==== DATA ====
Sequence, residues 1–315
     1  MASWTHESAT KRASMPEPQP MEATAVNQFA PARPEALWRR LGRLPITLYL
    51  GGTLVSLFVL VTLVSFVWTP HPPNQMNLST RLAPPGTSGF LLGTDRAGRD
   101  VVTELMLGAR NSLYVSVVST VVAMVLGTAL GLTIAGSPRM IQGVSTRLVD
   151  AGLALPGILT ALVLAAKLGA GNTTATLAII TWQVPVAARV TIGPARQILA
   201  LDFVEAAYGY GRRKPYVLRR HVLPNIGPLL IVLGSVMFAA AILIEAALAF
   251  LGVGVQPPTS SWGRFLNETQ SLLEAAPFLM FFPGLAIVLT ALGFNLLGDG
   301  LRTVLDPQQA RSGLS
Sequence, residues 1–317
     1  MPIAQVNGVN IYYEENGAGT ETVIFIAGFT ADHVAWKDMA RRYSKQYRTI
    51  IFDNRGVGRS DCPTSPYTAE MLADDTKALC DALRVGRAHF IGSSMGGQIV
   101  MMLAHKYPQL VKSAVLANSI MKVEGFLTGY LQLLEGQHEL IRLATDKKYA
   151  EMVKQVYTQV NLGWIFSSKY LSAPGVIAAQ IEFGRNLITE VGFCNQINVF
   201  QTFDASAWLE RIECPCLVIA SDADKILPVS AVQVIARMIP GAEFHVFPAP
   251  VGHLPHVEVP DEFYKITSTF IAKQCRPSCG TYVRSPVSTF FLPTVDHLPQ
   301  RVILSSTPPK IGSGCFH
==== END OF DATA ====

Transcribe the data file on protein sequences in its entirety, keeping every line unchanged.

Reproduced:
Sequence, residues 1–315
     1  MASWTHESAT KRASMPEPQP MEATAVNQFA PARPEALWRR LGRLPITLYL
    51  GGTLVSLFVL VTLVSFVWTP HPPNQMNLST RLAPPGTSGF LLGTDRAGRD
   101  VVTELMLGAR NSLYVSVVST VVAMVLGTAL GLTIAGSPRM IQGVSTRLVD
   151  AGLALPGILT ALVLAAKLGA GNTTATLAII TWQVPVAARV TIGPARQILA
   201  LDFVEAAYGY GRRKPYVLRR HVLPNIGPLL IVLGSVMFAA AILIEAALAF
   251  LGVGVQPPTS SWGRFLNETQ SLLEAAPFLM FFPGLAIVLT ALGFNLLGDG
   301  LRTVLDPQQA RSGLS
Sequence, residues 1–317
     1  MPIAQVNGVN IYYEENGAGT ETVIFIAGFT ADHVAWKDMA RRYSKQYRTI
    51  IFDNRGVGRS DCPTSPYTAE MLADDTKALC DALRVGRAHF IGSSMGGQIV
   101  MMLAHKYPQL VKSAVLANSI MKVEGFLTGY LQLLEGQHEL IRLATDKKYA
   151  EMVKQVYTQV NLGWIFSSKY LSAPGVIAAQ IEFGRNLITE VGFCNQINVF
   201  QTFDASAWLE RIECPCLVIA SDADKILPVS AVQVIARMIP GAEFHVFPAP
   251  VGHLPHVEVP DEFYKITSTF IAKQCRPSCG TYVRSPVSTF FLPTVDHLPQ
   301  RVILSSTPPK IGSGCFH